Local hospitals face shortage of 1,400 workers

Local hospitals face shortage of 1,400 workers

By Gordon Lambie

On Friday afternoon the CIUSSS de l’Estrie – CHUS provided its first update on the local COVID-19 situation since Mid December, highlighting the fact that as the public works to control the spread of the virus, the same challenge is being faced by the healthcare administration. According to Yan Belzile, the Director of human resources, communications, and legal affairs with the CIUSSS, there is an average of about 1,400 staff out of work on any given day because of Covid.

“We see about 100 new cases reported daily, and about 100 people coming back to work at the same time,” he said, explaining that this equilibrium is expected to continue for at least another two weeks.

Although the healthcare administration was given authorization at the end of last year to call Covid-positive employees back before the end of their 10-day isolation period, Belzile said that the CIUSSS has only done this in the case of 40 employees to date because of the increased risks it represents.

Stéphane Tremblay, the chief executive officer of the CIUSSS de l’Estrie – CHUS, said that despite the fact that region has been operating at the fourth and highest level of temporary service reductions for over a week in the name of freeing up resources to ensure care for both urgent needs and Covid response, the healthcare establishment is not yet at the breaking point.

Although he shared that 119 of the 130 beds freed up in the Townships for Covid patients were occupied, along with 23 of 24 intensive care spaces, the administrator argued that the system is working on adaptating to a new way of approaching things in light of the fact that the Omicron variant appears to present with less severe infection in most cases.

Tremblay presented the additional ward opened in Granby last week as an example of this adaptation, sharing that there is a greater emphasis being placed on treating Covid-positive patients in their own communities rather than transferring them to dedicated centres in Sherbrooke. He made reference to the idea of ‘secondary’ Covid cases that was brought up last week, explaining that somewhere in the area of 20 out of the 119 hospitalizations recorded for the region are people who were admitted for other medical issues and tested positive as a part of their admission process.

While these individuals require a different kind of care, because of the presence of the virus in their systems, Tremblay explained that they don’t tax the system in the same way because they present as either asymptomatic or with very mild symptoms.

“It is not their primary health concern,” he said, speculating that within six months it may be the norm for hospitals across the region to be treating patients for unrelated health conditions with the understanding that they also have some form of Covid, similar to what has happened in the past with the influenza virus.

He did, however, also acknowledge that there are now over 12,000 people on waiting lists for surgery in the Townships.

According to Regional Public Health Director Dr. Alain Poirier, there were 621 new known cases reported on Friday, and close to 100 active outbreaks being tracked across the region. There were also seven new deaths, making the local total 427. The number of known active cases in the Townships on Thursday was 4,839.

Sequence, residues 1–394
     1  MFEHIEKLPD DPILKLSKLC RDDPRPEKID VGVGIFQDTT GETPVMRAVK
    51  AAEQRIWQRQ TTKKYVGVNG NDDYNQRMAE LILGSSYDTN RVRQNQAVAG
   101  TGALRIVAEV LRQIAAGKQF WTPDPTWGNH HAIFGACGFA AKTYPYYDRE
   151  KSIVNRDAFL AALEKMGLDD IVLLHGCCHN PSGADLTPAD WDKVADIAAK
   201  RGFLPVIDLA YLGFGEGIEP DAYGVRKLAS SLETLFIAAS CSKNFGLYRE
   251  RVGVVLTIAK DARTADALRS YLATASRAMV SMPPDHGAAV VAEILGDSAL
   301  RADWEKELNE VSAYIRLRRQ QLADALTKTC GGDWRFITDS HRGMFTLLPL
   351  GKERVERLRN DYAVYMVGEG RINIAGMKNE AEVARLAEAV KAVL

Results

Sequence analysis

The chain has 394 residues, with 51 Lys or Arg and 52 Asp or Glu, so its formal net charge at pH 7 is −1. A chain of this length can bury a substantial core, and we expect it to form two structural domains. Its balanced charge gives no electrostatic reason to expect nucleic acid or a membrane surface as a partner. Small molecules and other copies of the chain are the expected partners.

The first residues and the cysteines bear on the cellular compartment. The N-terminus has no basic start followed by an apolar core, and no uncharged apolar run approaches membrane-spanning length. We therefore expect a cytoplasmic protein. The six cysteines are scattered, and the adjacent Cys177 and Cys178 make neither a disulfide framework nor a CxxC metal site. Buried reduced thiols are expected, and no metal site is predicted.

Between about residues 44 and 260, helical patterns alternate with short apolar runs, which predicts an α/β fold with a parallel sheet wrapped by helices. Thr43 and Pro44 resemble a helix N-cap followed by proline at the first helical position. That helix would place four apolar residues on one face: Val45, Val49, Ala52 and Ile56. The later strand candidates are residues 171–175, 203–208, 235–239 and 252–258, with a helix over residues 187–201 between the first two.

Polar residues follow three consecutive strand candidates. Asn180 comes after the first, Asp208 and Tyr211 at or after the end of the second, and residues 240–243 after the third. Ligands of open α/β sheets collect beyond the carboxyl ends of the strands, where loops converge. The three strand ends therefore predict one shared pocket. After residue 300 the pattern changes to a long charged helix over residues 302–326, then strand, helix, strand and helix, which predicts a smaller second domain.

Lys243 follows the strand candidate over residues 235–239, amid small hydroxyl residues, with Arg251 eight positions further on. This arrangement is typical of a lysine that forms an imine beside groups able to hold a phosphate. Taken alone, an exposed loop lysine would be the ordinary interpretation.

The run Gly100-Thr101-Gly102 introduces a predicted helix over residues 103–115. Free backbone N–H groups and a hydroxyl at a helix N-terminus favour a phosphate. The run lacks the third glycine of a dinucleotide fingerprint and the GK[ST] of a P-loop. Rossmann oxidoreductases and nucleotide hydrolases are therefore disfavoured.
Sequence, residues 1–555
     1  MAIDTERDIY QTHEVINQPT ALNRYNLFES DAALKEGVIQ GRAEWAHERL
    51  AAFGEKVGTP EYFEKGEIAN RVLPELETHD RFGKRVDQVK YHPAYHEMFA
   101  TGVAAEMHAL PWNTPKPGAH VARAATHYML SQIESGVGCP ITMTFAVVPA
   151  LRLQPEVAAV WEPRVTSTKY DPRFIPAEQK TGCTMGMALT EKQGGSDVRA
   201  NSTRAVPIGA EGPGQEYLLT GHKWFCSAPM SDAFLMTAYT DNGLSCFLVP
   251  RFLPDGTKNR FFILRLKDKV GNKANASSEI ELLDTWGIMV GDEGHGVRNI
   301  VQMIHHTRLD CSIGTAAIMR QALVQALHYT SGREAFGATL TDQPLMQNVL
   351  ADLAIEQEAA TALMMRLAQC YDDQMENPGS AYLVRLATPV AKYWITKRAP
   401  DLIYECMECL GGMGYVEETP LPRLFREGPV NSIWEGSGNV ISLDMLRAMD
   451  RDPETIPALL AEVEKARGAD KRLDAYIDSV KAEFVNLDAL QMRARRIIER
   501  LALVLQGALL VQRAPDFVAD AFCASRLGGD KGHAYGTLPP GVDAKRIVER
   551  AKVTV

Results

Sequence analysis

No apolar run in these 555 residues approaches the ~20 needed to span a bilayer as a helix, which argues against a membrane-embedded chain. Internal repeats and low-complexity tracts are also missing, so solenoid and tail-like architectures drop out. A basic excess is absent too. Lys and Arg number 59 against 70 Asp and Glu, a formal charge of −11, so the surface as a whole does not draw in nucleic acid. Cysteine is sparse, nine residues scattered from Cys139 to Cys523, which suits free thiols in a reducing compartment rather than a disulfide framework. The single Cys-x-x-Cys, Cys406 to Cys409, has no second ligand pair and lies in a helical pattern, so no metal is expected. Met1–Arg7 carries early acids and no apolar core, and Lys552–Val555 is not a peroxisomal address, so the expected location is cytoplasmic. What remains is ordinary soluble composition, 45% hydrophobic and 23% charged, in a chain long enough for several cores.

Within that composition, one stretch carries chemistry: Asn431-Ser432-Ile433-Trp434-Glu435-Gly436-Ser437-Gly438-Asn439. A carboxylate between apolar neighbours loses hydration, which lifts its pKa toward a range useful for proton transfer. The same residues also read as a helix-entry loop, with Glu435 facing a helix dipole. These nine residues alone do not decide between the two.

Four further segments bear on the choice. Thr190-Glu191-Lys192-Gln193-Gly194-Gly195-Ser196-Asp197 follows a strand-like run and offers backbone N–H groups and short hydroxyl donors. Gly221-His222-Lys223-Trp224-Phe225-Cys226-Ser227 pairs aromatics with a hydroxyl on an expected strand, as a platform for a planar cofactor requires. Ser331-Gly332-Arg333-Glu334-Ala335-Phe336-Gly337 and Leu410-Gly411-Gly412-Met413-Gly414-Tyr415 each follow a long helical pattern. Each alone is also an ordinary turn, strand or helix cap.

Poirier said that the Eastern Townships is no longer the province’s hotspot, but more as a result of infection rates rising in other areas than because the situation here is any better.

The local report also mentioned that there were more than 6,000 vaccinations taking place per day in the region as of Friday, with a new vaccination strategy set to be announced at the start of this week.

Across Quebec, the vaccination rate for 5 to 11-year-olds reached 58 per cent for a first dose as of Sunday, with 23 per cent of the population having received a third dose.

As of Monday, Jan. 10, everyone 40 and older is eligible to receive the third dose. That expands to those 35 and older as of Jan. 12, everyone 25 and older on Jan. 14, and everyone 18 and older as of Jan.17.

On another local front, Correctional Service Canada (CSC) issued a notice on Friday that 11 inmates and 27 staff members at the Cowansville Institution have tested positive for COVID-19. The advisory mentions that COVID-19 testing is being offered to inmates and staff as part of an effort to control the spread. Employees are required to do a rapid test and provide a negative result before entering the site to prevent possible spread at the institution.

To date, 84.2 per cent of inmates at the Cowansville Institution are fully vaccinated and 86.5 per cent have received at least one dose.

Following last Thursday’s announcement of expanded vaccine passport requirements to come at businesses across Quebec, Health Minister Christian Dubé said that registration for first-dose appointments increased from around 1,500 per day to over 6,000 by Friday.

The Province of Quebec reported 43,111 new cases of COVID-19 over the weekend and another 94 deaths. The number of hospitalizations across Quebec increased to 2,436, with 257 in intensive care.

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